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Ovarian cancer risk


With ovarian cancer (overall incidence for women aged 45 years is about 1 in 10,000) there is an element of extra risk emanating from genetic associations, for instance the BRCA1 and BRCA2 genes (see Bandolier 18 & 44 ). A new meta-analysis from Cambridge pools information to obtain estimates of the increased risk women may have from having relatives affected with ovarian cancer.

Searching and studies

MEDLINE and hand searching found 13 case-control studies and three cohort studies. One of the cohort studies was omitted because it was thought to be biased. Information was pooled where appropriate to obtain relative risks, and estimates were calculated of the lifetime risk to relatives up to age 75 years.

Results

The main results are shown in the Figure. In detail, the results for each circumstance were as follows:

Second degree relative

The pooled relative risk from three studies for having an affected second degree relative was 2.5 (95% CI 1.5 to 4.3).

First degree relative

The pooled relative risk from 15 studies for having an affected first degree relative was 3.1 (95% CI 2.6 to 3.7). The risk of developing ovarian cancer by age 75 is about 4% for women younger than 45 with an affected first degree relative. The risk falls off quite rapidly after this age.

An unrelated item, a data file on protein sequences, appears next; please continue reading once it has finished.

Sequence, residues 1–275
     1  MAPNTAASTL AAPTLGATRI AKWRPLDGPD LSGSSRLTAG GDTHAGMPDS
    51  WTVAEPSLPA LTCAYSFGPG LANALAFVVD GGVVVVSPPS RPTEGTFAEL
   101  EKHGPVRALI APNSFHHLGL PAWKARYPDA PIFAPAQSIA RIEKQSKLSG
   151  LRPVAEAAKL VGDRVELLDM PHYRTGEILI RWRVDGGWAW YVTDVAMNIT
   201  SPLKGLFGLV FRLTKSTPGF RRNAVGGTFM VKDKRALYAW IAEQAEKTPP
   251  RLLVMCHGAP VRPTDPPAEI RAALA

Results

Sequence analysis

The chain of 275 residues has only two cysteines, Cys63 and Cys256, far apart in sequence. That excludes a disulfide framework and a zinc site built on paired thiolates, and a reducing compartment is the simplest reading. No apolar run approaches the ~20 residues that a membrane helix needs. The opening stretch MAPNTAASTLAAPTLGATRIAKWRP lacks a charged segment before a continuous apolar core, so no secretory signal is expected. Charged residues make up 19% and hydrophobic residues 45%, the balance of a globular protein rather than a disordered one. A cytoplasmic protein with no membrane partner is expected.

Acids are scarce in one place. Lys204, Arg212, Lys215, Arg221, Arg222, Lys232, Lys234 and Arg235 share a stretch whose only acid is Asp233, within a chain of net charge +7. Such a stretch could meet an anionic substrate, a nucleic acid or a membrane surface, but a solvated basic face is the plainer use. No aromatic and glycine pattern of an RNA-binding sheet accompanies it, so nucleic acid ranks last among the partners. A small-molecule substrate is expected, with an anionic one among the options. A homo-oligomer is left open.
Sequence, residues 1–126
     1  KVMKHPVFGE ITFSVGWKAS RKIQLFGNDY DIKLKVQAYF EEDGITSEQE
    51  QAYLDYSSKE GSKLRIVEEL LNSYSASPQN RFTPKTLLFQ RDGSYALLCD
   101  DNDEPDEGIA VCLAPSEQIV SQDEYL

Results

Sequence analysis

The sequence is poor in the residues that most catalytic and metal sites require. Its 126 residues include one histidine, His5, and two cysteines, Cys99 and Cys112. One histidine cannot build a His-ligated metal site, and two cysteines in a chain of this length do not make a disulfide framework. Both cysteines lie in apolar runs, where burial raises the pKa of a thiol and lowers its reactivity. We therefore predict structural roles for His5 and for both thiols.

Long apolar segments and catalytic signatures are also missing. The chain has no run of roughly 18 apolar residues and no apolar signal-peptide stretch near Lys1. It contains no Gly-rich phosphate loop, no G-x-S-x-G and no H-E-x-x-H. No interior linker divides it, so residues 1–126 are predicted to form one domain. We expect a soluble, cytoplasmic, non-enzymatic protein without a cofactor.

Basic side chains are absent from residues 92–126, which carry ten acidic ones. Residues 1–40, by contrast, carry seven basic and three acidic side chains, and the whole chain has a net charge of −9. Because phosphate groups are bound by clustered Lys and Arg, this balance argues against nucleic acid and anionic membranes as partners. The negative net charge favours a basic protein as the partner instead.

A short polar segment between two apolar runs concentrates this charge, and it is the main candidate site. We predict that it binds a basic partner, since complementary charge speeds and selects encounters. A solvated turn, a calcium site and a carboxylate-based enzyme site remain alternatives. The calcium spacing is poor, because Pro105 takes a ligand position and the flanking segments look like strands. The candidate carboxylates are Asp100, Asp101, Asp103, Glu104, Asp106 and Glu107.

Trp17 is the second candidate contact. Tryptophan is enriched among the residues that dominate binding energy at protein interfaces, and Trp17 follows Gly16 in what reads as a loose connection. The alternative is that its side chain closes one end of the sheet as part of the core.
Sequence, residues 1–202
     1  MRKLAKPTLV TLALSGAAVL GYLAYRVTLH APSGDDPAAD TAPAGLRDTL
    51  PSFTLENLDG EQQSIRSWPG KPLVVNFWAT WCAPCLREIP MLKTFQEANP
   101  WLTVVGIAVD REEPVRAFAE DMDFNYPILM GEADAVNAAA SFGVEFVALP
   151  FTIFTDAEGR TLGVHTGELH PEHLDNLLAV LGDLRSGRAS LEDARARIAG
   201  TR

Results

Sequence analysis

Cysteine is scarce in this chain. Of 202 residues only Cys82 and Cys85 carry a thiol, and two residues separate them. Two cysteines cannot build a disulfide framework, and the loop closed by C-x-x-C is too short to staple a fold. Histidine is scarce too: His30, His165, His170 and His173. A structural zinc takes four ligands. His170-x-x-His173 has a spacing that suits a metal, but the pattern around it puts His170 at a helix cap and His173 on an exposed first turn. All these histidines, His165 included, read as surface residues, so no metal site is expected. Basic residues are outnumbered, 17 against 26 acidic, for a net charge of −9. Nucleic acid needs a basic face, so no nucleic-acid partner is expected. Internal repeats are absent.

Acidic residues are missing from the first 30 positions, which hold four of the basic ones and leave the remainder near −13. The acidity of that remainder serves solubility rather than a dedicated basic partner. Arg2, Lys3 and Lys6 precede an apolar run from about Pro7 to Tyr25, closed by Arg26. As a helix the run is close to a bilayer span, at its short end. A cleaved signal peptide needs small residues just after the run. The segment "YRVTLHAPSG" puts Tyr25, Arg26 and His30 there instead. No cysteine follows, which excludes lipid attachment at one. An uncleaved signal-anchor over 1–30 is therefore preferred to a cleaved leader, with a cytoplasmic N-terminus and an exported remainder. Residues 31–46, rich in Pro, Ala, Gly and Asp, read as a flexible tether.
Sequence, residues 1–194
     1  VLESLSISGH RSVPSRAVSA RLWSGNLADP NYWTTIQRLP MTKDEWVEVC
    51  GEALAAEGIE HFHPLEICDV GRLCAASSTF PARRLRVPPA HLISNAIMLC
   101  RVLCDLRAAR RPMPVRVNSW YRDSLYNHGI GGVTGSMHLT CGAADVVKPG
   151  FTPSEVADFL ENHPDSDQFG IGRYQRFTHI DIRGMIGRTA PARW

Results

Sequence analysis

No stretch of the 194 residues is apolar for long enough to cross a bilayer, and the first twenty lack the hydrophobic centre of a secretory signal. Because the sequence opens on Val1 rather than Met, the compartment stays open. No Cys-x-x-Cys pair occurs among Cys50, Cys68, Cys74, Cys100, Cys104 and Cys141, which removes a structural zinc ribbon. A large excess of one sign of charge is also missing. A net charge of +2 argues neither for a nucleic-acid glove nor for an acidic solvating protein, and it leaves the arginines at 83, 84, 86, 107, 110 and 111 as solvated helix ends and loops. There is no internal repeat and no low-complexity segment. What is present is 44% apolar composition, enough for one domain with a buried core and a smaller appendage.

Affected sister

The pooled relative risk from four studies for having an affected sister was 3.8 (95% CI 2.9 to 5.1). The risk of developing ovarian cancer by age 75 is about 5% for women younger than 45 with an affected sister. The risk declines after this age, but remains substantially higher than the general population.

Affected mother

The pooled relative risk from three studies for having an affected mother was 6.0 (95% CI 3.0 to 11.9). The risk of developing ovarian cancer by age 75 is about 7.5% for women younger than 45 with an affected mother. The risk declines after this age, but remains substantially higher than the general population.

More than one affected relative

The pooled relative risk from two studies for having more than one affected relative was 11.7 (95% CI 5.3 to 25.9). The risk of developing ovarian cancer by age 75 is about 14% for women younger than 45 with more than one affected relative. The risk declines after this age, but remains substantially higher than the general population.

Mother of affected daughter

Three studies looked at this. The relative risk was 1.1 (95% CI 0.8 to 1.6)

Comment

This is an interesting and useful paper, and may be helpful, as the authors say, in making decisions about the removal of ovaries at hysterectomy. Many women will find it easy to understand as well, and are likely to appreciate the information the paper contains. It presents risk information well, but Bandolier cannot immediately reproduce the pictorial methods it uses.

Reference:

  1. JF Stratton, P Pharoah, SK Smith, D Easton, B Ponder. A systematic review and meta-analysis of family history and risk of ovarian cancer. British Journal of Obstetrics and Gynaecology 1998 105: 493-9.



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